A "citrus" flavour is also available in certain areas of the Middle East. It is part of a beverage area often referred to as the flavor segment, comprising carbonated and non-carbonated fruit-flavored beverages. The orange flavor of Mirinda represents the majority of Mirinda sales worldwide. Mirinda is owned by PepsiCo and is primarily commercialized outside of North America. It competes with Coca-Cola's Fanta and Cadbury-Schweppes's Orange Crush brand, with flavor brands local to individual countries. As with most soft drinks, Mirinda is available in multiple formulations depending on the taste of individual markets.
Mirinda was originally produced in Spain. It became available in the United States in late 2003 in bilingual packaging, and initially sold at a reduced price, presumably to become a competitor against Coca-Cola's Fanta brand. Since 2005, Mirinda flavors have largely been sold under the Tropicana Twister Soda brand in the United States except in Guam, where Pepsi began selling it under the Mirinda brand in 2007 (replacing Chamorro Punch Orange). Pepsico also tried to sell Mirinda in Brazil in late 1996, but the brand was discontinued in 1997 after weak sales, keeping the local brand Sukita under production. Recent events Mirinda campaigns over the years have included the Mirinda Woman campaign in the 1970s and a campaign in the 1994-1996 time frame with a campaign using the tag-line 'The Taste is in Mirinda' with the Blue Man Group.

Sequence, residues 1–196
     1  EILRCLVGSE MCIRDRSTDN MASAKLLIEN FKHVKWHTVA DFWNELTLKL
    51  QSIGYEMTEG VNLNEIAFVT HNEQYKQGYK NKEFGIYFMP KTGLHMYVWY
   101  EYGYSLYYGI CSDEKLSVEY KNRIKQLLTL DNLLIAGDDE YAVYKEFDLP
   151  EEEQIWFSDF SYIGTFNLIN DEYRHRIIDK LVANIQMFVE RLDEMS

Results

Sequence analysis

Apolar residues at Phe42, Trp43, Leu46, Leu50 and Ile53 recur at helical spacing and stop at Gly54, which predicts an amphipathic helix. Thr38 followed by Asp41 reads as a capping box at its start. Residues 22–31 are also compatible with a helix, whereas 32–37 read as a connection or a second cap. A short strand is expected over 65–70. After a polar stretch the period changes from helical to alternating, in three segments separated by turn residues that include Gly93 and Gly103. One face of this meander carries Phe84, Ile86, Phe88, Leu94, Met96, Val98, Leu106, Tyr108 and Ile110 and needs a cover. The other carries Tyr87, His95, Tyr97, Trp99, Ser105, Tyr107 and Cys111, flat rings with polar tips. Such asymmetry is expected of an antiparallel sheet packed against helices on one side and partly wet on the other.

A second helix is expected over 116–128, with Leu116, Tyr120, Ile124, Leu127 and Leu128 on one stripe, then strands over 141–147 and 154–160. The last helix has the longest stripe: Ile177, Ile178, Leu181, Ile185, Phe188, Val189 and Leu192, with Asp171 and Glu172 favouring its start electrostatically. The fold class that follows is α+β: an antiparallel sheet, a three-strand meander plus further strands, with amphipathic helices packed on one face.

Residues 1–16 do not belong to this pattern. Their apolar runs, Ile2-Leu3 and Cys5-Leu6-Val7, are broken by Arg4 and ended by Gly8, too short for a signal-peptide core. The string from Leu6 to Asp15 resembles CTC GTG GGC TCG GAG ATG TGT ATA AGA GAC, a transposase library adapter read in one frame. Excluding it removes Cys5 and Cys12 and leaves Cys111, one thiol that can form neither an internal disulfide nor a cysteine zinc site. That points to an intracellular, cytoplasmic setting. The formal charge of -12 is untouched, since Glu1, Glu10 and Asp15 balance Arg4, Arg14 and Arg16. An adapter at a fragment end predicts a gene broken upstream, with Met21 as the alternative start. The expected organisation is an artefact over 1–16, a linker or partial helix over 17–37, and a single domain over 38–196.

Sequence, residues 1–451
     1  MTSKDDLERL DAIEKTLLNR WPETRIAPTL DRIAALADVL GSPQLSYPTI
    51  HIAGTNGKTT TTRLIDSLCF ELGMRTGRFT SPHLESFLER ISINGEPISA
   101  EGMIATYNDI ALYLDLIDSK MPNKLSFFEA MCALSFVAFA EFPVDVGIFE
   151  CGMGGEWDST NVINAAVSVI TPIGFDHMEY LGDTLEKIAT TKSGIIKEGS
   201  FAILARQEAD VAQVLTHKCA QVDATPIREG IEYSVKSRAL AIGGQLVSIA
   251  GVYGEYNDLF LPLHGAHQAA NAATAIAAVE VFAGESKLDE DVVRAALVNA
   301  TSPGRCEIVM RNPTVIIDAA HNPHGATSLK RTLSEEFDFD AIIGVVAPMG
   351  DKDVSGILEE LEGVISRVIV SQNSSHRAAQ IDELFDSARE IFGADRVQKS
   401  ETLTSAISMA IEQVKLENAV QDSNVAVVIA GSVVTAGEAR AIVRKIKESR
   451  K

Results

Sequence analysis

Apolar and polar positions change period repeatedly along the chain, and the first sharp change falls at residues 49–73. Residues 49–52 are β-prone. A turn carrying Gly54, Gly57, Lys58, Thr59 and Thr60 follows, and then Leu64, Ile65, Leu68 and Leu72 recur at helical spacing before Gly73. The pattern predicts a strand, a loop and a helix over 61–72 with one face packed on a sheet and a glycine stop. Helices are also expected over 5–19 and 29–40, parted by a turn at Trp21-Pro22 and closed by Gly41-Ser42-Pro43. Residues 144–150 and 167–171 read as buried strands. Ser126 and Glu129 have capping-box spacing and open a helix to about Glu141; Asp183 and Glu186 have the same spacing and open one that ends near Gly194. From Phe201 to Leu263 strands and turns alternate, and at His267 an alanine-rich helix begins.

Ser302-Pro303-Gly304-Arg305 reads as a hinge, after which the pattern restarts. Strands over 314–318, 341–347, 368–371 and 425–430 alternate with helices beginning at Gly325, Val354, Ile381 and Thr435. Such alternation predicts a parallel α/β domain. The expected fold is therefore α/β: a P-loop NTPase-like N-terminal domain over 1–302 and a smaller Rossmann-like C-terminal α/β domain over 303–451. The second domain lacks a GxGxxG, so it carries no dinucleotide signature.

In some markets, including Mexico, the Blue Man Group campaign re-launched Mirinda away from a multi-flavor positioning to a brand solely focused on the orange flavor. The Blue Man Group campaign showed the Blue Man Group competing to drink orange Mirinda and celebrating a successful drink with an open-mouth exclamation of 'Mirindaaaa'. Also in this same country Mirinda launch a campaign with the Pokemon anime series to the children with a promotion of many gadgets with the characters of the manga series. A recent, highly successful advertising campaign was launched in India featuring a handsome young gentleman, Stefan Persson, gallivanting about town in hunt of his sweet sweet Mirinda.
Stefan's credible portrayal of the Mirinda-obsessed youth earned the campaign accolades in Brand Equity, the advertising section of a leading financial newspaper. Mirinda advertising campaigns over the last fifteen years have been handled by Pepsi's stable of creative agencies, including BBDO and J Walter Thompson. Mirinda also regularly introduces special movie-themed editions in Asia. Recent ones included Batman (Blueberry) and Superman (Fruit punch). Mirinda has also recently released a new flavour of drinks called Mirinda Sorbet. They come in two flavours: Raspberry and Lime.